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Precision Agriculture Brings IoT To The Farm

The precision agriculture market is showing strong growth in the face of serious challenges. Driven by technology that aids machines in planting and harvesting crops, large farms are currently driving overall revenue. Technology has, however, already penetrated the large farm segment to a significant degree, limiting revenue growth to slightly below the overall precision agriculture growth rate.

Technology in the other two precision agriculture categories, small farms and livestock monitoring, though smaller in revenue terms, is driving growth at a faster rate than large farms. And, as there are many more small farms than those that are large worldwide, there is more room for growth in these two segments. Yet that development will be challenged by the difficulty in convincing small farmers to invest in technology. In most countries, smaller farmers operate with very low margins, leaving little additional capital to invest. Those selling technology to them must overcome small farmers’ understandable reluctance by convincing them of the return on investment that technology brings.

 

Kagan’s definition of precision agriculture includes electronics, devices, software, and services that collect data and help transmit it to the cloud. Large farms are more than 500 acres and depend on mechanized agriculture, including sensors, electronics and the internet of things, or IoT, help to more accurately plant, fertilize and harvest crops. Small farms are not as heavily mechanized in planting and harvesting, but depend on technology used in soil and crop monitoring to guarantee successful harvests. Livestock monitoring refers to technology used to monitor the location and health of large farm animals.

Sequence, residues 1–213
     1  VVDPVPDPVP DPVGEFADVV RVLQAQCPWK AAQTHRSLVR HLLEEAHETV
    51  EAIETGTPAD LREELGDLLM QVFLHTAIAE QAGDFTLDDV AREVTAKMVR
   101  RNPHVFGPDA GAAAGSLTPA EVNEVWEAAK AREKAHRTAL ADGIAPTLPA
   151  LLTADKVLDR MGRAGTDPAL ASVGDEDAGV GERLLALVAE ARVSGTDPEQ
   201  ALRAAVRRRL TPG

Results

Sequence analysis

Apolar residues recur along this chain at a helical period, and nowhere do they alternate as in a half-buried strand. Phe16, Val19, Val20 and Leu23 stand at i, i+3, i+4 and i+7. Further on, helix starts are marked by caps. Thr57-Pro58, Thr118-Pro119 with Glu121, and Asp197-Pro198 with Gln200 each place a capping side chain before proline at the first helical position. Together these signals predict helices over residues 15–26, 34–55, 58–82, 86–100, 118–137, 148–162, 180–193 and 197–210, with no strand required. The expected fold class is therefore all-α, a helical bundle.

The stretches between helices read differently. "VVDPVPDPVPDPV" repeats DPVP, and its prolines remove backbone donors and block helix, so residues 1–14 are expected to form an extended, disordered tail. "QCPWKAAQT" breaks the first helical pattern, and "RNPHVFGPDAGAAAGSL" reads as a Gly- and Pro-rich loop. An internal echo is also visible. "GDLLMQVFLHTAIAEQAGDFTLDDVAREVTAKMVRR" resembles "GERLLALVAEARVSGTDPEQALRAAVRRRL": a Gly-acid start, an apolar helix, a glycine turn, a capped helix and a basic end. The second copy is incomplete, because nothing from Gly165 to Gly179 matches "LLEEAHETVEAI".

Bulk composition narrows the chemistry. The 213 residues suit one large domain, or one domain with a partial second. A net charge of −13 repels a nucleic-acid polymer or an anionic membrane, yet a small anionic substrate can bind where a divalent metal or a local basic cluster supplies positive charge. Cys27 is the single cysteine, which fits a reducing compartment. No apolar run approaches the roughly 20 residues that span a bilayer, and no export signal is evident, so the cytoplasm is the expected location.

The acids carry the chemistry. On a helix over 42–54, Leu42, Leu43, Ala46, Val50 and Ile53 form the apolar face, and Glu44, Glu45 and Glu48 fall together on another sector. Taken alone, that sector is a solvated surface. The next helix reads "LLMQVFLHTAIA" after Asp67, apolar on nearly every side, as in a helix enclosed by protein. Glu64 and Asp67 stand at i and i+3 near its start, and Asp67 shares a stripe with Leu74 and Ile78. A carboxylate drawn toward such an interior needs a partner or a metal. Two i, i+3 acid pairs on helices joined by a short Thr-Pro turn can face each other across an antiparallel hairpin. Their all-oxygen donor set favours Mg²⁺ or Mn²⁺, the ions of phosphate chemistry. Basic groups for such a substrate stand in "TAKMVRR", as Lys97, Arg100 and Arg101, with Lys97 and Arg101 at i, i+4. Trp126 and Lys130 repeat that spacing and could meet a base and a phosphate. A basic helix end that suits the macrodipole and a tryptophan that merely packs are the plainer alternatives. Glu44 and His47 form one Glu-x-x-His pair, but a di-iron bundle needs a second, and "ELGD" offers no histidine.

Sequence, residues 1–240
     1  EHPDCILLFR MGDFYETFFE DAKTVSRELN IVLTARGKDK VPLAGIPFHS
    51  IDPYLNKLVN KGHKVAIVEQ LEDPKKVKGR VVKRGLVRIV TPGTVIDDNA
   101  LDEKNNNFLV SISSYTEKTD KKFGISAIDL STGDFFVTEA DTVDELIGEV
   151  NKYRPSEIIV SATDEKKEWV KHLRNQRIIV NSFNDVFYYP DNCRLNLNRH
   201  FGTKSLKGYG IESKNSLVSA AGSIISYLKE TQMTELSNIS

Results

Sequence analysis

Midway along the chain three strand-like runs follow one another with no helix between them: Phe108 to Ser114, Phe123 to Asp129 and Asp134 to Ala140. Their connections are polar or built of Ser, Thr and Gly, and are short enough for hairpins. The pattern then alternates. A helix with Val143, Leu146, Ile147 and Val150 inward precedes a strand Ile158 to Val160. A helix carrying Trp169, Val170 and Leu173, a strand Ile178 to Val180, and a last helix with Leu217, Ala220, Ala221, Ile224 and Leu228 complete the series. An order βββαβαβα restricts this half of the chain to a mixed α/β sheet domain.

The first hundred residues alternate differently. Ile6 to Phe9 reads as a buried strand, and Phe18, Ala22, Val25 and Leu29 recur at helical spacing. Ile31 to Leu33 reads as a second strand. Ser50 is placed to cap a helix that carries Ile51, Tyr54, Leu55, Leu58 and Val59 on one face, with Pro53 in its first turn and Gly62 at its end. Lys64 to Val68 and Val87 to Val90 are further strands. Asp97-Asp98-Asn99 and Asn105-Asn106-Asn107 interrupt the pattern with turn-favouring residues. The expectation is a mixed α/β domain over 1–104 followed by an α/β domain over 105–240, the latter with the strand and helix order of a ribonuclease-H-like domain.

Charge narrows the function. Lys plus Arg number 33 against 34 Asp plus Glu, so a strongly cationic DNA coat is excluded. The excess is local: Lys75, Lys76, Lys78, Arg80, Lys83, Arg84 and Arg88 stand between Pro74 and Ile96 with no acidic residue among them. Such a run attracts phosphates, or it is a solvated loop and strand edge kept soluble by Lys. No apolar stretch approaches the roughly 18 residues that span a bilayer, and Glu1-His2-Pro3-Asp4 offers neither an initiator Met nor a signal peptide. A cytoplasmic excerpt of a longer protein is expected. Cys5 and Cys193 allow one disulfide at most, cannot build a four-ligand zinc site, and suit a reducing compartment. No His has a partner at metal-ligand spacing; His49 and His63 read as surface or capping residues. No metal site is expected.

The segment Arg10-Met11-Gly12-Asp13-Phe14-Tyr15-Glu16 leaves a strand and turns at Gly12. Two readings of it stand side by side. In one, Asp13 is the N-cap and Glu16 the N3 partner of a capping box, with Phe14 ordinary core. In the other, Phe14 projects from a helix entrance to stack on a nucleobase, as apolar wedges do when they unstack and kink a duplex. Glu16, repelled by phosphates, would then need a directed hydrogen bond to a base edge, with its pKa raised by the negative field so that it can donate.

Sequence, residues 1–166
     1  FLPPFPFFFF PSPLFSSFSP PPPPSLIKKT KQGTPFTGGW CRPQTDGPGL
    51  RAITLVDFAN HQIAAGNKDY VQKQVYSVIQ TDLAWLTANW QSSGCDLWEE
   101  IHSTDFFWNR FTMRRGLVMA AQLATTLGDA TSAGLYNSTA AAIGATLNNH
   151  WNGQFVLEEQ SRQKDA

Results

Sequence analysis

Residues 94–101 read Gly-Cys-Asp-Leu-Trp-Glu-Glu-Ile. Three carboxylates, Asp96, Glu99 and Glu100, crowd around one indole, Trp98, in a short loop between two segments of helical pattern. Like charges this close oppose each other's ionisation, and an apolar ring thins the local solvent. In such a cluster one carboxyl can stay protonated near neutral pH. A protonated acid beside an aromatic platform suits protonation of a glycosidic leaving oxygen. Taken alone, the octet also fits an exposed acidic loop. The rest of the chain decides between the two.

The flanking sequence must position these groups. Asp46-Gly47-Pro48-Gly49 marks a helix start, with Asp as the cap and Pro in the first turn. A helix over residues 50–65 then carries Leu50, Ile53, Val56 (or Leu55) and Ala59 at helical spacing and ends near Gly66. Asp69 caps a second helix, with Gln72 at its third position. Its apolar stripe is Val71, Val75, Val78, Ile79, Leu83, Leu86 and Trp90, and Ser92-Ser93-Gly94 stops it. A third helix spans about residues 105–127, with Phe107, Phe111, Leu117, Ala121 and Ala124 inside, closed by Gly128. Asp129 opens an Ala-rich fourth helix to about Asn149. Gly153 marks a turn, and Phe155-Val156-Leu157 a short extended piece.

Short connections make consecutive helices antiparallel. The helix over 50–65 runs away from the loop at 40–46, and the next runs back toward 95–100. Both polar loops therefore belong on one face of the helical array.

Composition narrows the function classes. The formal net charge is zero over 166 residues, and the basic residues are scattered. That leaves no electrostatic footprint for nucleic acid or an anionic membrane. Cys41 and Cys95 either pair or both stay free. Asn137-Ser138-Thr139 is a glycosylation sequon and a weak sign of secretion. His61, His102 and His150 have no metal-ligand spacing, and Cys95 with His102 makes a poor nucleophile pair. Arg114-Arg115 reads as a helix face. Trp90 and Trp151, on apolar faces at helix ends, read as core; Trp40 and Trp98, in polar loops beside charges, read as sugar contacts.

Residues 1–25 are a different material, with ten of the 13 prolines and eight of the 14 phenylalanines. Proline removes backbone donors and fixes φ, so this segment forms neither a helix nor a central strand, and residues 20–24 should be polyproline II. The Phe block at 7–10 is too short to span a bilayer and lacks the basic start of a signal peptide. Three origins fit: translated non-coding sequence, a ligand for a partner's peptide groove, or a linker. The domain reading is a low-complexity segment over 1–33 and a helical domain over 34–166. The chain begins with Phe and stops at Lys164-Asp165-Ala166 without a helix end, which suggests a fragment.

In terms of revenue, the precision agriculture market is dominated by large farms, which are the domain of agricultural machinery. Technology on tractors and combines is pervasive, including several types of sensors, GPS devices, radios, displays and supporting silicon such as memory, microcontrollers and microprocessors. While the adoption of technology is increasing, growth is somewhat limited. Some of the major regions for large agriculture, such as North America and Australia, are also advanced economies in which sophisticated agricultural machines are commonplace and quantities are not growing rapidly. So in these markets, growth is more dependent on the replacement cycles of these machines. Future growth of agricultural technology may need to come from other areas with large amounts of arable land such as Russia and China.

Among small farms, precision agriculture is more limited, but growing. Worldwide, the number of small farms vastly exceeds the number of large farms, creating a much larger total available market. The penetration rate of technology is also significantly lower, so the potential for growth is great. The most significant limitation is the ability of the small farmers to purchase technology, particularly in the developing world. Significant drops in technology ASPs will be needed before adoption accelerates beyond North America and Western Europe.

Livestock monitoring is another area that should see significant growth over the next several years. The penetration of technology is relatively low, and primarily happening in Europe and North America. For this market to grow significantly in the future, monitoring of other animals beyond cattle, including sheep and pigs would help drive growth, especially in Asia.

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